IMAP Stories June 25, 2014

Google introduces new API beta that makes it easier for apps to integrate Gmail features

Yet another announcement from Google I/O today comes in the form of a new Gmail API beta that will make it easier for developers to integrate Gmail features into their apps:

While IMAP is great at what it was designed for (connecting email clients to email servers in a standard way), it wasn’t really designed to do all of the cool things that you have been working on, which is why this week at Google I/O, we’re launching the beta of the new Gmail API.

Designed to let you easily deliver Gmail-enabled features, this new API is a standard Google API, which gives RESTful access to a user’s mailbox under OAuth 2.0 authorization. It supports CRUD operations on true Gmail datatypes such as messages, threads, labels and drafts.

So what’s the benefit over IMAP or other solutions that developers have already been using to integrate Gmail features? Google says the new API, unlike IMAP, “gives fine-grained control to a user’s mailbox.” That means that an app, for example, “only needs to send mail on behalf of a user and does not need to read mail, you can limit your permission request to send-only.” There are also other benefits like speed:

To keep in sync, the API allows you to query the inbox change history, thereby avoiding the need to do “archaeology” to figure out what changed. Finally, a huge benefit is speed. While there’s still some tuning to be done (“beta” – remember?), results from our tests and feedback from pre-release developers suggest that the new Gmail API is delivering dramatic performance improvements over IMAP for web application use cases.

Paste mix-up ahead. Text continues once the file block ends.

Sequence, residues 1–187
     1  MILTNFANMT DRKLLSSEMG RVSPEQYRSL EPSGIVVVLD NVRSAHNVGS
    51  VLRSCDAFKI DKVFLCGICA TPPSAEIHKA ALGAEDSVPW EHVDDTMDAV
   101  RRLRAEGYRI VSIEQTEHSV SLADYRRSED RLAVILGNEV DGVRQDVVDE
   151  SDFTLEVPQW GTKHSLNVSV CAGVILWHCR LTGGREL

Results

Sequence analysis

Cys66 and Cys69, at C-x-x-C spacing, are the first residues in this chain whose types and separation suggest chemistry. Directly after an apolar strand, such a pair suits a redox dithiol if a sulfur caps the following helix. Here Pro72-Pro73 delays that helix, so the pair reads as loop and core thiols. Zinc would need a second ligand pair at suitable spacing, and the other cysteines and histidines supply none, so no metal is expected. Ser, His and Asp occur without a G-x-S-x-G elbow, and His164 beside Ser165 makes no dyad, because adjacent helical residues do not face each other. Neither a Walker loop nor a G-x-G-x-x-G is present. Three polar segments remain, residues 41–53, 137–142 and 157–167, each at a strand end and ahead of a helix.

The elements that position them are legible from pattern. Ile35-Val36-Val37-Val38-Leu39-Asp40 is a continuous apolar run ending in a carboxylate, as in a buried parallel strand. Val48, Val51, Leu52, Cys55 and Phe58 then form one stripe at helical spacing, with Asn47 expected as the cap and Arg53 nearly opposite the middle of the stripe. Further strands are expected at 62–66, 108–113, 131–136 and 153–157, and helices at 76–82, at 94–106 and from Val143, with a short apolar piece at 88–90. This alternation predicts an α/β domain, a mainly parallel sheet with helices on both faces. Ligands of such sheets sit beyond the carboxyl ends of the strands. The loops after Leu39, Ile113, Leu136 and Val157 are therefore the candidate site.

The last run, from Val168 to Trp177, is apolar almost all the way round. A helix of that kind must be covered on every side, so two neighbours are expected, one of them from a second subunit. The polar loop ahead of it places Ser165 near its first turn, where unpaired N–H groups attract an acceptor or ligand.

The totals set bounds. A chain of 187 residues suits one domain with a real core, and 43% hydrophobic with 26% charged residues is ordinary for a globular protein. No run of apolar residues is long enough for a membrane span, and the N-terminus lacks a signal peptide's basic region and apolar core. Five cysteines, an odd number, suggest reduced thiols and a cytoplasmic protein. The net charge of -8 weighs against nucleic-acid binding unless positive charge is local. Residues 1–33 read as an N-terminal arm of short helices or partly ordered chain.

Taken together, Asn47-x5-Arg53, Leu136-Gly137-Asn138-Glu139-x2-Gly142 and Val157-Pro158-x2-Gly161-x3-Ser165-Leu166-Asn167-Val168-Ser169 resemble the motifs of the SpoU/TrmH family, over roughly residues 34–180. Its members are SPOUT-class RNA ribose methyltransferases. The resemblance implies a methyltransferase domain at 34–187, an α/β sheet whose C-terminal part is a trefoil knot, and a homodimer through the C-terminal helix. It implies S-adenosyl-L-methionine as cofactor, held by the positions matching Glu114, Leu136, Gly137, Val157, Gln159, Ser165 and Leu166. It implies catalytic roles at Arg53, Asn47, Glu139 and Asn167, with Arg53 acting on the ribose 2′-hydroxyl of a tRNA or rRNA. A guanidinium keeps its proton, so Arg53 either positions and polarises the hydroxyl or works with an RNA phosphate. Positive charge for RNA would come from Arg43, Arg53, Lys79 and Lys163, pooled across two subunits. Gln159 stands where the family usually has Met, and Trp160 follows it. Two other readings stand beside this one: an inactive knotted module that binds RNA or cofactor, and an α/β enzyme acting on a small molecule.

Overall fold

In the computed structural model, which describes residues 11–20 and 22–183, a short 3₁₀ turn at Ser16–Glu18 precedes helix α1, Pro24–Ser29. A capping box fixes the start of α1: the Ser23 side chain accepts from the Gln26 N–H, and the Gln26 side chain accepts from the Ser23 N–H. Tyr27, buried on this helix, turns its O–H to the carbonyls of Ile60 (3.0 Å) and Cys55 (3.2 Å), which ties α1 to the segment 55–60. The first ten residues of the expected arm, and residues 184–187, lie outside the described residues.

Google has more on the new API here. 

IMAP Stories December 14, 2012

Google announced on its official blog today that it would do some “winter cleaning” by discontinuing a number of services in the near future. Among the services shutting down as of Jan. 30 is Google Sync, which allowed users to get access to Gmail, Calendar, and Contacts using the Microsoft Exchange ActiveSync protocol. As an alternative, Google recommended IMAP for mail and the recently launched CardDAV and CalDAV protocols. Google also confirmed it would continue offering the service to existing consumers and Google Apps for Business, Government, and Education customers.

Google also said it would shut down some of its less-popular Calendar features starting Jan. 4:

You’ll be unable to create new reservable times on your Calendar through Appointment slots, but existing Appointment slots will continue working for one year. In addition, we’ll discontinue two Calendar Labs—Smart Rescheduler (we recommend Find a time view or Suggested times as alternatives) and Add gadget by URL. Finally, Check your calendar via smsand Create event via sms (GVENT)—U.S.-only features for creating and checking meetings by texting information to Google—will be discontinued today, as most users prefer mobile Calendar apps.

Another victim of the winter cleaning is the Punchd app for Android and iOS that will officially shut down on June 7, 2013. At that time, retailers will no longer accept the service’s loyalty cards. Google’s full list of apps and features on the way out is below: expand full story

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